Iran faces a political standoff as hardliners in parliament move to summon President Hassan Rouhani to answer questions in a move that could result in his impeachment.
Amid an economic crisis, a crippled rial and a rising death toll from the coronavirus pandemic, hardliners – many of whom have long sought to undermine Mr Rouhani's term – are now looking to dethrone him a year before the end of his presidency.
First elected in a landslide in 2013, the "moderate" Mr Rouhani rode an early wave of popular support after the 2015 nuclear deal saw US sanctions on Tehran removed and money, development and jobs flow into the long-isolated nation.
However, US President Donald Trump tore up the agreement just three years later. Iranians' now struggle daily to make ends meet, the economy has been further damaged by rising inflation, growing unemployment, a slump in the rial and now the coronavirus crisis. The bitter disagreement with the US has also brought the two countries to the brink of war.
"The lawmakers have various questions for the president, including the reasons behind the foreign exchange market crisis as well as the high prices of basic goods and basic necessities of the people today," Iran's semi-official Tasnim quoted Tehran lawmaker Eqbal Shakeri as saying.
A motion on Monday to question President Hassan Rouhani was signed by 120 lawmakers out of 290 and handed to the presiding board of the assembly, Tasnim reported. To take effect, the motion must be passed to the president by the presiding board.
While the move is significant, it remains – for now – symbolic. The board might still hold back from issuing the summons, mindful that Supreme Leader Ayatollah Ali Khamenei has called for unity among the branches of authority at a time when Iran faces mounting US pressure.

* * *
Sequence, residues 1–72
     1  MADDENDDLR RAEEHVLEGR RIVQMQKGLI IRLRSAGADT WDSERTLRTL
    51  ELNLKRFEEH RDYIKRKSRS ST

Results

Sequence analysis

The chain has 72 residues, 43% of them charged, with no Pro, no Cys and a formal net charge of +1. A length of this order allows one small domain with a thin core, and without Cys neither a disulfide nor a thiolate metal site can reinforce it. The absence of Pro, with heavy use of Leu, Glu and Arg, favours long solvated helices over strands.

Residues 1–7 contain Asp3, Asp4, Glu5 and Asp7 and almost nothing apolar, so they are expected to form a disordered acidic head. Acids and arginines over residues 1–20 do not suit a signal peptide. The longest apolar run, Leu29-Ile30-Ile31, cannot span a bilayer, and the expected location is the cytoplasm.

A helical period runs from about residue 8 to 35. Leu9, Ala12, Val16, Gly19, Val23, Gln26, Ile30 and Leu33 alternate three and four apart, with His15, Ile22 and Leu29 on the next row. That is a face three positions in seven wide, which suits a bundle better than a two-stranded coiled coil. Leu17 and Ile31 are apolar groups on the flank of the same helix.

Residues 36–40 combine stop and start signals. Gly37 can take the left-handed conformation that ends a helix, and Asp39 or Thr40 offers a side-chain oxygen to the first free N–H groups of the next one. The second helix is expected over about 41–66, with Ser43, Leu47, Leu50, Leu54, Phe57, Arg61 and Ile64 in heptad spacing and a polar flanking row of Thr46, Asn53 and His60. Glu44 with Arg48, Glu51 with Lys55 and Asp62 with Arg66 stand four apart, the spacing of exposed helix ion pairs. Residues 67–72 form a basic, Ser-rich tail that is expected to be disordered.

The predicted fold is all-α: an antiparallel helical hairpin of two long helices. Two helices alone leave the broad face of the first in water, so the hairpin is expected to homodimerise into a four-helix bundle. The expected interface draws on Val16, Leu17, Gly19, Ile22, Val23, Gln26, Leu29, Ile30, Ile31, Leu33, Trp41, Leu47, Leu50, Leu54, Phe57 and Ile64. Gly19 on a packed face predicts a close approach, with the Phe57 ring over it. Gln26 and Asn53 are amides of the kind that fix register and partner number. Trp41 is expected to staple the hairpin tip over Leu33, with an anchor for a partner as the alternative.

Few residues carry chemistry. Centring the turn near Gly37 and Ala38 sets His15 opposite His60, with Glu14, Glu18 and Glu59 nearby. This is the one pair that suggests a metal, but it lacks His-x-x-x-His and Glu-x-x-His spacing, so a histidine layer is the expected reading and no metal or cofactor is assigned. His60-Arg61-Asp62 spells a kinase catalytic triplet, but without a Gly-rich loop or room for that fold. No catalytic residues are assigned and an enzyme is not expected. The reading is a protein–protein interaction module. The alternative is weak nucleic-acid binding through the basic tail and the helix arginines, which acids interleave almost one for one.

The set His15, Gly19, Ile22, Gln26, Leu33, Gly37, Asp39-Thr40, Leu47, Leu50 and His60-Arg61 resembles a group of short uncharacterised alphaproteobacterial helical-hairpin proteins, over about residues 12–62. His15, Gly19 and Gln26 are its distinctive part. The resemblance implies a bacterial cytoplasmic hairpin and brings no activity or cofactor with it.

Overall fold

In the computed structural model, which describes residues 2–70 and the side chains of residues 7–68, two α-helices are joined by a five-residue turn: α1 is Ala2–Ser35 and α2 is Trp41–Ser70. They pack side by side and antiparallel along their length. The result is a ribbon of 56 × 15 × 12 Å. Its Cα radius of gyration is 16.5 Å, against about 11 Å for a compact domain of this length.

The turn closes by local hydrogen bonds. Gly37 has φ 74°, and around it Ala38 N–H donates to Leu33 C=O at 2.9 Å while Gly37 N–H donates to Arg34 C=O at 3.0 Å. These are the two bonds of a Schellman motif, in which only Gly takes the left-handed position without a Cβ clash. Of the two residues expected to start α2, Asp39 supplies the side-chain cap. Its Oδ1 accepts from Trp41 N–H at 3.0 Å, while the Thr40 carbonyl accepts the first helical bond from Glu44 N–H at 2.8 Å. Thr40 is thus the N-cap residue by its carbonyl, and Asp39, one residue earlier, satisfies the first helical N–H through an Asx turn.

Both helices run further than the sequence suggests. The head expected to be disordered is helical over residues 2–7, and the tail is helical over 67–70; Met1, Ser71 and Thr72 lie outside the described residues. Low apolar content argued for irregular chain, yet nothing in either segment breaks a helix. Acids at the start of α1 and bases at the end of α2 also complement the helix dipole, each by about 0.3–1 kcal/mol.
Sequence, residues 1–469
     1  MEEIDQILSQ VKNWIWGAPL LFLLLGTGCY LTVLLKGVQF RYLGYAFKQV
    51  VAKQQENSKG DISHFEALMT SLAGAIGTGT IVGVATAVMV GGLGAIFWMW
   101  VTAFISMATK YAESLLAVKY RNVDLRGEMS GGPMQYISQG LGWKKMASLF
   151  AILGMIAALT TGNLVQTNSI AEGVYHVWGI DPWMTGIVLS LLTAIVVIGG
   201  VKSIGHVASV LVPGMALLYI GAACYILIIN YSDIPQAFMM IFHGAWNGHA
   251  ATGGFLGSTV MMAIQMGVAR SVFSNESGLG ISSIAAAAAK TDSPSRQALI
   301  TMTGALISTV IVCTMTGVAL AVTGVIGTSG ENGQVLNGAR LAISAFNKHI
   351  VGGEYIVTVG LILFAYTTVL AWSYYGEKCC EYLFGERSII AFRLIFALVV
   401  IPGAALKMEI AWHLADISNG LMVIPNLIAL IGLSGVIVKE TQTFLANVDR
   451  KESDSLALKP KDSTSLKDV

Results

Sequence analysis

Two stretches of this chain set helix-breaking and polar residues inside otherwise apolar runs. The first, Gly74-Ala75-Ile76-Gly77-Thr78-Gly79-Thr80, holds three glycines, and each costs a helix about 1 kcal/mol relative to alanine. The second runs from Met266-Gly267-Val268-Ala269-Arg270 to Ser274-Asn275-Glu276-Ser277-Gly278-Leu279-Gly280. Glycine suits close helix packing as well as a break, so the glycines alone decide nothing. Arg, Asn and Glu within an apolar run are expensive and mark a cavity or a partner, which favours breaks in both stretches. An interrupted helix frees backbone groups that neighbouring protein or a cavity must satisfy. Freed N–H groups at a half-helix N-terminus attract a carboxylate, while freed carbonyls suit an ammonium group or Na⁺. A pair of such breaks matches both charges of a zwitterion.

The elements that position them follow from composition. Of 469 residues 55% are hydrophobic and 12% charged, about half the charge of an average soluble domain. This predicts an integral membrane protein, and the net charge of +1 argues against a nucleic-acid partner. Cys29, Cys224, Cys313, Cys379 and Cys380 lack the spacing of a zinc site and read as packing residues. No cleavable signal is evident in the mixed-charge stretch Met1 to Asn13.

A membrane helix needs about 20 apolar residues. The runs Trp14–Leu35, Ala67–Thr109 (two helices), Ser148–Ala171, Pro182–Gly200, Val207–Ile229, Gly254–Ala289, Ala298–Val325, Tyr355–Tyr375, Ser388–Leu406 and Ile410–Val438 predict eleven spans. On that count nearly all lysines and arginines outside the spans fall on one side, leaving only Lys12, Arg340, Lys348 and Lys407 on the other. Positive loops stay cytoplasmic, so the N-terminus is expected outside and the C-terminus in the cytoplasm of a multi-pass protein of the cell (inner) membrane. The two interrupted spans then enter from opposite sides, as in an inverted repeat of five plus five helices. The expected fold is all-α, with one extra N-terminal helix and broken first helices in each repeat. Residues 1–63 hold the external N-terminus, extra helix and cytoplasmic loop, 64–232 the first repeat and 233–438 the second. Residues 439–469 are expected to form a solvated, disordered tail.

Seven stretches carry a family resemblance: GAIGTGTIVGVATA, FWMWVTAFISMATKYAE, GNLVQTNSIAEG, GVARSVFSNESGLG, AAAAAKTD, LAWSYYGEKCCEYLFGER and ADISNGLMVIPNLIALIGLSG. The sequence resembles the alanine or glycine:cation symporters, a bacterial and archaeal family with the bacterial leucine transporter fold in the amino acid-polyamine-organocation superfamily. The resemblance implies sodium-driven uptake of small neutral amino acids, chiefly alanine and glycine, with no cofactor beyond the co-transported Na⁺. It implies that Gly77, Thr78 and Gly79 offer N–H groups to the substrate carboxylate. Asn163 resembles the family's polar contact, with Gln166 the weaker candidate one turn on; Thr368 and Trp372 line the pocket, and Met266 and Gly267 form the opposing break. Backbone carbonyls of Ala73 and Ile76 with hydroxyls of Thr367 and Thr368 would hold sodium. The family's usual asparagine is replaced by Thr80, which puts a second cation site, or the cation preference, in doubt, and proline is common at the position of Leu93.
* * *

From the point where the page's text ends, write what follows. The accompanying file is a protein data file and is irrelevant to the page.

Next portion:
While there have been similar moves against the president by hardliners in parliament before, Mr Khamenei has effectively vetoed the president's removal in order not to exacerbate divisions. Analysts have suggested that he may well be pleased to see a weakened Mr Rouhani he does not want his removal. A move by parliament to question Mr Rouhani's predecessor was blocked by a rare intervention by Mr Khamenei.
Hardliners always opposed Mr Rouhani's agreement to sit down with world powers and agree a nuclear deal and Tasnim said that MPs planned to quiz the president on "the government's strategic mistake that allowed the US withdrawal from the deal at the lowest cost".
On Sunday, shouts of 'liar' interrupted a speech to parliament about the accord by Foreign Minister Mohammad Javad Zarif as some lawmakers vented their displeasure.
Mr Zarif, also Iran's top nuclear negotiator, hit back by saying that the nuclear talks had been agreed by Mr Khamenei.
Parliament has no major influence on foreign affairs or nuclear policy, which are set by Mr Khamenei. But it might bolster hardliners in the 2021 election for president and toughen the anti-Western tilt of Tehran's foreign policy.
Conservatives swept most of the house's seats at an election earlier this year although there were accusations that most moderate candidates had their names rejected to run and numbers were significantly depressed due to the creeping pandemic and general apathy towards the political class just weeks after the military admitted to shooting down a passenger jet killing all 176 onboard – many of whom were Iranian dual nationals.